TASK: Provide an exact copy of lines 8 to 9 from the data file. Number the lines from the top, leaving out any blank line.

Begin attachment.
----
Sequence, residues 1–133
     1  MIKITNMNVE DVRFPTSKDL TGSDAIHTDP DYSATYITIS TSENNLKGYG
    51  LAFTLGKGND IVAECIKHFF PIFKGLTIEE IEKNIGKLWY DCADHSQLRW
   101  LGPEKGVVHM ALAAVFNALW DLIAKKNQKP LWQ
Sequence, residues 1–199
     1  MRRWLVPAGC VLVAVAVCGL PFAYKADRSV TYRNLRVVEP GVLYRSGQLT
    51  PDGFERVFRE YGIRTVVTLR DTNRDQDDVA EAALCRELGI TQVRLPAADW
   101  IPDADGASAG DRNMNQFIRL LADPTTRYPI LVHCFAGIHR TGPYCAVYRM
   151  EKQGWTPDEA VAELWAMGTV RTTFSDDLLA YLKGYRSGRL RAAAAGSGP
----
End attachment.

   101  IPDADGASAG DRNMNQFIRL LADPTTRYPI LVHCFAGIHR TGPYCAVYRM
   151  EKQGWTPDEA VAELWAMGTV RTTFSDDLLA YLKGYRSGRL RAAAAGSGP